“We are broken here this morning. We are in shock and disbelief and despair and grief this morning,” Rabbi Rachel Weiss said at the start of the service at the Jewish Reconstructionist congregation. “We are here in a painful unreliability that this is the world we are living in.”
Strauss’s family had previously described him as a lover of culture – from the Art Institute of Chicago to comedy sketches “The 2000 Year Old Man” – with an inquisitive mind who still visits his stockbroker office downtown five days a week. Were.
“It was not the way we thought Steve would or should be on the cover of the New York Times. It would be more like Steve in the book review section because he read them all,” Weiss said during the funeral. “But now he has joined a very difficult group, as we all do, that has been touched by trauma and death by terror and disgust.
“We tell his story. Steve was a good guy. We’ll never be the same, but we’ll take him with us,” she continued.
A native of Chicago’s South Side, Strauss was “very much a Highland Parker” and went to the parade every year, one of his sons told the Tribune.
Strauss, his son Peter Strauss said, “was curious about the world.”
Strauss’s survivors include wife Linda and another son, Jonathan. Strauss’s brother, Larry Strauss, speaking at the service, said that among his siblings’ qualities the most was loyalty.
He told a story about how he and his brothers went to different high schools and their respective basketball teams ended up playing each other.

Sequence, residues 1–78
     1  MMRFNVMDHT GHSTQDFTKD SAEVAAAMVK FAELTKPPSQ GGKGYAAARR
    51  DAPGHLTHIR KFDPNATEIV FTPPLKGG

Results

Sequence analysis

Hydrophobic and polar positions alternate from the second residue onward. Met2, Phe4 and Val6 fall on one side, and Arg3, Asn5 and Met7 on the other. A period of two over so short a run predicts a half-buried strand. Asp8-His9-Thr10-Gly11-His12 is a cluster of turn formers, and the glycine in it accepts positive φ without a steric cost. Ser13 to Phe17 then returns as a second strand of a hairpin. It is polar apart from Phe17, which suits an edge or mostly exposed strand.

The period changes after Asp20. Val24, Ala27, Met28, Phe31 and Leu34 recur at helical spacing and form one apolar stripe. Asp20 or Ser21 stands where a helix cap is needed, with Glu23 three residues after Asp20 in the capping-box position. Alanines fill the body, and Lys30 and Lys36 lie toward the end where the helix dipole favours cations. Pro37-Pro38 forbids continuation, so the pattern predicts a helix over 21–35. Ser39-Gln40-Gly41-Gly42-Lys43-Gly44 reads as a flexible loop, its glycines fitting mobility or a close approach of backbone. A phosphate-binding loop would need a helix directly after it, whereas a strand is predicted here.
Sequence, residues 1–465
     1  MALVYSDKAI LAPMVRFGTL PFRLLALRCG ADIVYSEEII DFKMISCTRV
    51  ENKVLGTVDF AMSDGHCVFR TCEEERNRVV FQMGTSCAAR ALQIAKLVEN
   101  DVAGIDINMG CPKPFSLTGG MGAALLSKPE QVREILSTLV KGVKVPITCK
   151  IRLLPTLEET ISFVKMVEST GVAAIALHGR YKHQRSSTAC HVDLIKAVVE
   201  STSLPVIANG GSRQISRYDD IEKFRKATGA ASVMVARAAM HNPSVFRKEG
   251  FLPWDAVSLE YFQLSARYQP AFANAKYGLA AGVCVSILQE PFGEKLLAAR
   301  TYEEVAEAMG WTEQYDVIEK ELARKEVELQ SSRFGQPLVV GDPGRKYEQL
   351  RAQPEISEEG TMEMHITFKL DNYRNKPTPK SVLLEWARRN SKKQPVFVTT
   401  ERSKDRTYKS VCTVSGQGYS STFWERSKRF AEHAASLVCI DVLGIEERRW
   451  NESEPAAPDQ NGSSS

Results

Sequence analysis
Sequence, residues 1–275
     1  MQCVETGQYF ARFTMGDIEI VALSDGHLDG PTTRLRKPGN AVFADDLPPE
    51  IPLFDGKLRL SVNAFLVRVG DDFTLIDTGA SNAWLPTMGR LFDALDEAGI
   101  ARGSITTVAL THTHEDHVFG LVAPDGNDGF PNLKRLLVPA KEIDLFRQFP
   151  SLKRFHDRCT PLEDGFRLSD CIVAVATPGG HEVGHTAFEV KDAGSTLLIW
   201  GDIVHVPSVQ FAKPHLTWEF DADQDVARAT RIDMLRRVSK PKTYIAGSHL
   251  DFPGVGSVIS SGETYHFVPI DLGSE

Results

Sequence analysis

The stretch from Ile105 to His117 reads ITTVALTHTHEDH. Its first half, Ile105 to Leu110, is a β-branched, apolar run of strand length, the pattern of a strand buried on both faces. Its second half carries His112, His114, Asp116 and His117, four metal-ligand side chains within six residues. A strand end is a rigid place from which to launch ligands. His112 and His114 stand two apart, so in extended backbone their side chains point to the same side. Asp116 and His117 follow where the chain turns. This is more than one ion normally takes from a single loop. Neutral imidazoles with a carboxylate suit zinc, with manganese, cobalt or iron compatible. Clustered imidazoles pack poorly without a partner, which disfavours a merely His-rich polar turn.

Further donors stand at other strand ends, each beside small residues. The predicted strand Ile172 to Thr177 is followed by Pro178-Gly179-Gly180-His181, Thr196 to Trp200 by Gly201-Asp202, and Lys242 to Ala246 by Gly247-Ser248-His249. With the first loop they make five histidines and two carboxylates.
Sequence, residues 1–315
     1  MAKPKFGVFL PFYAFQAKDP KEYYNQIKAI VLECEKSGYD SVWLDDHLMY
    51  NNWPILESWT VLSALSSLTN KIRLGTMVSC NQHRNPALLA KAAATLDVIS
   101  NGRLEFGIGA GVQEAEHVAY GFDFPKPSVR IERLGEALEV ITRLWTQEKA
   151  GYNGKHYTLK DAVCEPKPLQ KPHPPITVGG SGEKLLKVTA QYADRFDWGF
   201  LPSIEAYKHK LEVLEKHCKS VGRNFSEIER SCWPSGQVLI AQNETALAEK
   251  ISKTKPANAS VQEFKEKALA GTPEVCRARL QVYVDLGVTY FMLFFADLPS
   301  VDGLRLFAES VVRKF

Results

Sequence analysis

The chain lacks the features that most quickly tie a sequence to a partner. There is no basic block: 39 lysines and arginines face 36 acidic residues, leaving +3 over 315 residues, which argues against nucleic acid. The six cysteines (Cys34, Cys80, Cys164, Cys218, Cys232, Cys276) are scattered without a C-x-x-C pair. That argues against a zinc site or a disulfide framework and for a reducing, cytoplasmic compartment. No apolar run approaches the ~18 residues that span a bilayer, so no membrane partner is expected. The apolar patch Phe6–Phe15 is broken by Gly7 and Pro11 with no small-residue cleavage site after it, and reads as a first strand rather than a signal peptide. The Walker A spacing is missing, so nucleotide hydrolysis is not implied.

“When I would score a basket, my brother would yell, ‘Atta boy, Larry!’ … I’ve never forgotten. It’s been with me my whole life, that loyalty,” he said.
Jonathan Strauss also spoke at the service, saying: “Just thinking of what a nice, giving, loving person he was, it makes the cruelty and horror of his death so hard. And I’ve been through the last few days.” I’ve been so good at putting it together, but when I look at pictures of her, it’s like she’s right there. Then it really dawns on me what we’ve lost, what I’ve lost, my best friends.”
Amidst the heartbreak, there were also moments of euphoria.
Peter Strauss ended his remarks by saying that he would like to “share with you a secret about your father that I was reminded of by an old friend who recently offered his condolences. My dad, who worked in loop for (at least) six decades… made a point of pressing their nose – the side of their nose – against the glass of every revolving door that came before them, leaving a mischievous nose signature. What can the kids of today call the tagging that marked once again and forever that Steve Strauss was here.”
Steve’s granddaughter, Macy, sang “Run to Me” by the Bee Gees when her father Peter played guitar next to her.
Steve’s grandson, Toby, read “In Flanders Fields” by John McCray, which Toby found in his grandfather’s study in a World War I poetry book.
Toby said, “My grandfather was a very gentle and peaceful man, but he was actually killed in a battle.”
The family in Toledo-Zaragoza has said they had planned to spend three months with the family moving to Chicago, something that was delayed because of COVID-19.
As a father of eight, his family said, he had a large number of grandchildren and great-grandchildren, and when he died he was surrounded by relatives in a parade.
“Today Nicholas is our guardian angel,” wrote his granddaughter Xochiel Toledo of Nicolas Toledo. “We ask you (to do) to please keep our family and all the families affected by this terrible tragedy in your prayers and stay strong as a community.”